It’s been fun offering you food and nutrition news oddities on Sundays periodically during the COVID-19 crisis; a little break from the daily onslaught of dark and depressing reports and predictions we’ve all become used to. So I’m planning to continue delivering Sunday Musings until further notice…
Central China resto operator apologises for asking patrons to weight themselves…
Resto operator apologises for ‘doing patriotic duty’
After hearing Chinese leader Xi Jinping had called last week for a national effort to reduce food waste, one patriotic restaurant owner sprang into action doing what he perceived as his patriotic duty.
Two large scales appeared at the entrance of the eatery in the city of Changsha within hours accompanied by signs asking patrons to weigh themselves and then enter their measurements into an app that would then suggest menu items accordingly. Signs asking diners to, “Be thrifty and diligent, promote empty plates,” and “Operation Empty Plate,” were put up.
A collection of hash tags pointing to posts on Weibo, the Chinese equivalent of Twitter, appeared quickly and received more that 300 million views. Chinese social media followers were outraged. And the restaurant quickly walked its ‘compliance program’ back.
“Our original intentions were to advocate stopping waste and ordering food in a healthy way. We never forced customers to weigh themselves,” a subsequent post stated.
Following the call from Xi, the city of Wuhan Catering Industry Association suggested a voluntary policy to be supported by restaurants under which diner groups limit their orders to the number in their party minus 1.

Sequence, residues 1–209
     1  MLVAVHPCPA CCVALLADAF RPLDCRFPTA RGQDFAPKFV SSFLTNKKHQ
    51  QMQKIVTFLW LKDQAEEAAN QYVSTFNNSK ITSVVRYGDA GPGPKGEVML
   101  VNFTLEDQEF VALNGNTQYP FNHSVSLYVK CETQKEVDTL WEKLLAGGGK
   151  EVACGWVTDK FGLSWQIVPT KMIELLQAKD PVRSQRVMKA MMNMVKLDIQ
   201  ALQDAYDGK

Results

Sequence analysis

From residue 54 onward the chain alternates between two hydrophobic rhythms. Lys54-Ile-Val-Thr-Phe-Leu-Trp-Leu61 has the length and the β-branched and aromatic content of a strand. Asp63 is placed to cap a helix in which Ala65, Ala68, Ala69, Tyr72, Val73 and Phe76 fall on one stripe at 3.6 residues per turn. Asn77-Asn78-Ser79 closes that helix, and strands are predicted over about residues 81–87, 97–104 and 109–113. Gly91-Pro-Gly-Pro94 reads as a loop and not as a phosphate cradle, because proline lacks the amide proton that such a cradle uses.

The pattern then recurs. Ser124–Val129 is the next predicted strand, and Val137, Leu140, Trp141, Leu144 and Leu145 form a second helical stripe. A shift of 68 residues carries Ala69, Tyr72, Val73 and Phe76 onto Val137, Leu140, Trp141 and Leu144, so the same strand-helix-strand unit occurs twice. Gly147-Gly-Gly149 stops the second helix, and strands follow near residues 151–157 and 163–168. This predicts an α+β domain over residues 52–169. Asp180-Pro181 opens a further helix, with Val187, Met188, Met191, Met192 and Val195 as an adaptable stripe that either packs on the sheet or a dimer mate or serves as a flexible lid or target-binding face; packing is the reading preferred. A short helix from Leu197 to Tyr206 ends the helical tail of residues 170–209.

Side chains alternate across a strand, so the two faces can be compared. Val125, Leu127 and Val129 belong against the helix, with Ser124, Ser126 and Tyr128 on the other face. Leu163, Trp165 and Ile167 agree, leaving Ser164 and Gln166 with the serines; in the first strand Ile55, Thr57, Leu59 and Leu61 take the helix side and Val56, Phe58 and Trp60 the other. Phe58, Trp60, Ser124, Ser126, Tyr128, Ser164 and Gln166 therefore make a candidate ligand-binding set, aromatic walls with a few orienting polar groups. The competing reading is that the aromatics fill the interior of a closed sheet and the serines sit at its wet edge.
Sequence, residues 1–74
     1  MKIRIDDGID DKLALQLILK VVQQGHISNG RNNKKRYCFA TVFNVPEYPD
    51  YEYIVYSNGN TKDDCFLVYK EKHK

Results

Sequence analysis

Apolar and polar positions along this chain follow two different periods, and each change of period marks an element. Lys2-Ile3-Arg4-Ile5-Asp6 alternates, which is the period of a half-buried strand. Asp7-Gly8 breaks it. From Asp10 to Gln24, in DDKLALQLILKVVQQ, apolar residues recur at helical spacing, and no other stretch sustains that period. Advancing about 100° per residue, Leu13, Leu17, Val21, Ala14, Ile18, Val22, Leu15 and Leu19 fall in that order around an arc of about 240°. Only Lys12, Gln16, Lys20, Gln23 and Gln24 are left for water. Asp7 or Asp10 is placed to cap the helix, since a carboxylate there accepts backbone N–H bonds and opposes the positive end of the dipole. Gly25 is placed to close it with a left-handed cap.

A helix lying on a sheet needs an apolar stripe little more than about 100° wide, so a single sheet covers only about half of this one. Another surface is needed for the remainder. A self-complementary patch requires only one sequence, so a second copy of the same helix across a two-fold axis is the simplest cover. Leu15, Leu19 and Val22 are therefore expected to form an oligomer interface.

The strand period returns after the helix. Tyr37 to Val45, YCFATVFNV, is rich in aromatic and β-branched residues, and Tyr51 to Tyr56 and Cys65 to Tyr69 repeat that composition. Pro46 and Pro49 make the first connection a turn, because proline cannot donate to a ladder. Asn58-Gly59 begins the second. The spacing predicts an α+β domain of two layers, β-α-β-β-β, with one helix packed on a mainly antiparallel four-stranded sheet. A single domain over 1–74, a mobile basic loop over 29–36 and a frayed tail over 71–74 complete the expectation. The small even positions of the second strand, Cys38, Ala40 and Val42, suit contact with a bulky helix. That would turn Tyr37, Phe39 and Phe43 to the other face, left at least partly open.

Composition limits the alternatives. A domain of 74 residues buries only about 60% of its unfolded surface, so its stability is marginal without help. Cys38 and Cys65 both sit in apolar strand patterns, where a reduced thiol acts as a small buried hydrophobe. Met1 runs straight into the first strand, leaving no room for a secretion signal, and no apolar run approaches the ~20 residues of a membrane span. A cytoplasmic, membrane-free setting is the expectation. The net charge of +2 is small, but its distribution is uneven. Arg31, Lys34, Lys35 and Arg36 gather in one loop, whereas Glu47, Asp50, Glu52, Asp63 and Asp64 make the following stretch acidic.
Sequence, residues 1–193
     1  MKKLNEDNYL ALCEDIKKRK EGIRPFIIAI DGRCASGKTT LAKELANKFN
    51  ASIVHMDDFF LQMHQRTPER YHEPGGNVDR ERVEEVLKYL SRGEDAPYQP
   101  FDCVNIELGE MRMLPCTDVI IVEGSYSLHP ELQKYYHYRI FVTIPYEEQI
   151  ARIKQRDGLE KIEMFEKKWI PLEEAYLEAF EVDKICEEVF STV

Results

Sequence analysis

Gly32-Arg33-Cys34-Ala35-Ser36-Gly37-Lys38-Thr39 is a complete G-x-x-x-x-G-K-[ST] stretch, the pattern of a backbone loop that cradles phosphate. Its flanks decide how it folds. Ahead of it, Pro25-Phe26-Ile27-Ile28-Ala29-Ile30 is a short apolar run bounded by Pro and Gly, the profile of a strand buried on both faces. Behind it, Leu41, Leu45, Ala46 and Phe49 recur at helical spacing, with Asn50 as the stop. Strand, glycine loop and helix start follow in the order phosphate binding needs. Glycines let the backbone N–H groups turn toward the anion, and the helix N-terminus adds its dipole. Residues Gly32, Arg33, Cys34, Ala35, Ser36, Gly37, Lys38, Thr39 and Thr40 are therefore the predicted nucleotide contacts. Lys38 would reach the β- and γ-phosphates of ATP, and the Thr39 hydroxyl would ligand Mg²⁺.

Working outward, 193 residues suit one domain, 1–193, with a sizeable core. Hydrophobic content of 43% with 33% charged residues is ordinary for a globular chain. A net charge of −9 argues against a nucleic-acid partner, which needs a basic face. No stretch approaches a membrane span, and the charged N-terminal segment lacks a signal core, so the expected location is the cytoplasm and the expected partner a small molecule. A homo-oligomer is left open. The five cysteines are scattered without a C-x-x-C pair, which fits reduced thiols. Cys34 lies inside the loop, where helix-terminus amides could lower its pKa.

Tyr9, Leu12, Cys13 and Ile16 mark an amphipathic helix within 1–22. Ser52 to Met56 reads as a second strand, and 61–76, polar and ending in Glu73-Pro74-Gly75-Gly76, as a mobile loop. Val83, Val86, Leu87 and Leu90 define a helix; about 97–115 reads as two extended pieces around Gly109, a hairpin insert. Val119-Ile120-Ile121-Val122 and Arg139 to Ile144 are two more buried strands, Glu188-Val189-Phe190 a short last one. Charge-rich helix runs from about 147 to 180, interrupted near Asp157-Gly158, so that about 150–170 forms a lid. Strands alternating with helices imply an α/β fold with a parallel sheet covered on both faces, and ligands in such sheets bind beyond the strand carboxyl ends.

Kid Pestering quotient influences parents’ food choices
This one really got me thinking. As you may have, I expected the learned researchers who published this finding to report that, the more kids pestered their parents to buy them junk food they had seen on TV, the more likely the parents would be to buy it – if only to shut their little ‘helpers’ up.
Imagine my surprise when teams from the University of Arkansas and Louisiana Tech University concurred that kids who had received weekly Together, We Inspire Healthy Eating (WISE) lessons at seven Head Start sites across two states in the southern U.S. had been pestering their elders to buy healthier foods the kids had learned about in the nutrition education program.
“The more pester power that parents were exposed to from their children, the greater we saw changes in the desired direction for intake of fruits and vegetables and also supportive parenting practices,” said Study Lead Author Taren Swindle, of the University of Arkansas. “It means that children’s influence on their homes may be an underdeveloped potential target for future interventions.”
An abstract of the Report suggests that future studies can provide insight into which components of educational programs specifically predict successful ‘positive pester power’.
Resto that must serve food with booze ‘updates’ menu
A Pennsylvania bar in a jurisdiction that requires patrons to order food before they can order a beer has ‘updated’ its happy hour menu to include ‘Minimum Food Orders’ that apparently fulfill the requirement of the bylaw in question. And the move has been getting them a lot of free publicity.
offers 1/4 the normal order of Fries for just a buck, a Solo Onion Ring for $0.50, a single Fried Pickle for $1.00, and ‘One Cheese Puff Ball’ for a mere nickel. The ‘menu addendum is also printed on 1/4 of a sheet of paper, “Because… Well… You know why.”
The theme seems to be that, if the city can do something silly in complete earnestness (as a measure to discourage people from hanging around bars during the COVID-19 crisis), the bar proprietor can come right back and do the same.
We’ll let you know if the City strikes back with another round of regulations in response to the barkeep’s bold grassroots protest…
And there you have it
Now, kick back, have a Beer and enjoy your Sunday Musings…
~ Maggie J.